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Excerpt from 'Bharat: The Man Who Built a Nation'

Dr Vineet Agarwal brilliantly retells the story of the son of Dushyant and Shakuntala, the grandson of Brahmarishi Vishwamitra in his latest book, Bharat: The Man Who Built a Nation.
Here’s an excerpt from the book.
Voices filled the royal hall of Hastinapur, bouncing off the two dozen marble pillars that supported the high vaulted ceiling. Wide latticed windows provided illumination as well as ventilation to the cavernous hall that was full of people watching the royal debate.
Aileen, ruler of the Puru kingdom, sat on a beautifully carved sandalwood throne that had been fashioned to resemble the vehicle of the moon god, the founding father of the Chandravansh. It was shaped like a chariot drawn by eight antelopes, and the king occupied the central seat, sheltered by a silver umbrella. The elderly king was presiding over a debate between his eldest son and the royal council. Of his five sons, Dushyant, the eldest, was quite simply the best.
Since the day he had first stepped into the court, the crown prince had shown a flair for solving the tricky situations that arose in the running of a kingdom. Dushyant was almost twenty-five now, and towered over his sire. Aileen saw a glimpse of his own younger self in him; they had the same tan complexion, sharp nose and dark eyes but the king had a greying beard and his face had assimilated fine lines from years of looking after the kingdom, while his son’s visage had the freshness of youth. Rigorous training had made Dushyant’s body lithe like that of a cheetah and his mind as sharp as a needle. He was practical and perceptive, and even now seemed to be winning the debate that had almost reached its conclusion.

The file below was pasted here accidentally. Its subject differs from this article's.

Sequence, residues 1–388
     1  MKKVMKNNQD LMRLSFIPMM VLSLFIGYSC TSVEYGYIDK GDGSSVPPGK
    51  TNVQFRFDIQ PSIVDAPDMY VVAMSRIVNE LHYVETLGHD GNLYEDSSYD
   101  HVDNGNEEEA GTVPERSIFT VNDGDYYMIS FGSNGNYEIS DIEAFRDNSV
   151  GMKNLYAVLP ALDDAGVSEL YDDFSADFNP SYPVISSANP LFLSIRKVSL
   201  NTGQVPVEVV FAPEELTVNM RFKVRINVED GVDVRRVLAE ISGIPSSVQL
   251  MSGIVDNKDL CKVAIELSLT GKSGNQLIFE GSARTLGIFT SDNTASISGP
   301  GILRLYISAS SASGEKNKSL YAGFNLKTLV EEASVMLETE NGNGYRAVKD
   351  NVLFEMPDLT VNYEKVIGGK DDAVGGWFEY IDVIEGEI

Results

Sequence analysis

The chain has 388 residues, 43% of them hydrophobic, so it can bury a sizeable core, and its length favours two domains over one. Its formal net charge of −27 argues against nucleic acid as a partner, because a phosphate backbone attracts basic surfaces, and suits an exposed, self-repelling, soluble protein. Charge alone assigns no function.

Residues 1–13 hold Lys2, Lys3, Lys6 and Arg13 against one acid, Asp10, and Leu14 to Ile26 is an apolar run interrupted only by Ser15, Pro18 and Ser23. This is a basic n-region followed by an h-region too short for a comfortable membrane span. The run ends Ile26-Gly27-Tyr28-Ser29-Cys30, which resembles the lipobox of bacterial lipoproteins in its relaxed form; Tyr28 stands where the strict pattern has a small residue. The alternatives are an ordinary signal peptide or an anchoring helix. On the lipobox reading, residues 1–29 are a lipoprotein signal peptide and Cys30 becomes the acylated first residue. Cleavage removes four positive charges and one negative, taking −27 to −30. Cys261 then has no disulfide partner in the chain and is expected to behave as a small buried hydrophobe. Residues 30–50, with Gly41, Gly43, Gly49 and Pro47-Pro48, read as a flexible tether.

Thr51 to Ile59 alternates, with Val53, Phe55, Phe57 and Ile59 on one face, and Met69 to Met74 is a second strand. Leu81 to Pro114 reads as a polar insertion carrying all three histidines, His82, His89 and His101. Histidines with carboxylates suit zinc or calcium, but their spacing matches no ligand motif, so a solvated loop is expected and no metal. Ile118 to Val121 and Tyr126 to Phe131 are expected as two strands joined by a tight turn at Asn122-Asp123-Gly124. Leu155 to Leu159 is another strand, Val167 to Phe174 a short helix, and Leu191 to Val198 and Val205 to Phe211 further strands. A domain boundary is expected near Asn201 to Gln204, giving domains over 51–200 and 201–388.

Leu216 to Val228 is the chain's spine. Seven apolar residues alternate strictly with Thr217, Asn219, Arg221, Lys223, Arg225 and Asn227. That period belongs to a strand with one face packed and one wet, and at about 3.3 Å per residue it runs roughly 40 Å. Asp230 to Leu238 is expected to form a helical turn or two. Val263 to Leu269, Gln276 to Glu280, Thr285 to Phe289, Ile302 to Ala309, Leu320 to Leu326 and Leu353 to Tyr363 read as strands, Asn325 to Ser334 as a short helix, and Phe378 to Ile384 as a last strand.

For more than a prehar now, the councillors and the prince had been debating the need to change old policies followed by the kingdom—three hours and counting. Aileen had been trying to get his council to formulate new guidelines for more inclusive development, but to no avail. Change was not easy for anyone, let alone senior members of the court who were set in their ways and accustomed to their lavish lifestyles, but the king hoped that his son would be able to convince them.
Rising to his full six feet, Dushyant addressed the assembly emphatically, ‘The time has come for Hastinapur to introspect. We must decide which of our traditions are redundant and which can be retained. As the wielder of Shiva’s axe, Parshu Raam showed us, there is no place for practices that encourage corruption in this new world order.’
Aileen watched the seasoned councillors wince, a tiny smile playing on his lips. The use of Parshu-Raam’s name was a clever touch. Over the past year, the son of Rishi Yamdagni had gone on a rampage, annihilating autocratic rulers from the Himalayas to the southern ocean, paving the way for a new and just class of kings. Brahmins, Vaishyas and Shudras were the new Kshatriyas of Nabhi-varsh and what remained of the old guard was still haunted by the prospect of Parshu Raam’s return. Aileen himself had been lucky to escape with his life. His superior, Kartavirya Arjun, the emperor of the world, had not been so fortunate.
Dushyant’s closing argument had made even the most reluctant of councillors agree to the demand for modernization and as they passed a unanimous motion in favour of the idea, Aileen dismissed the court for the day and called his son to the throne.
‘My son,’ he said in a tone that betrayed his satisfaction, ‘seeing the way you have convinced the senior councillors to change their stance for the benefit of the people, I am confident that you are quite ready to look after the affairs of this kingdom. Acharya Dirghatamas, other senior members of the family and I concur that the time has come to pass on the crown of Puruvansh.’

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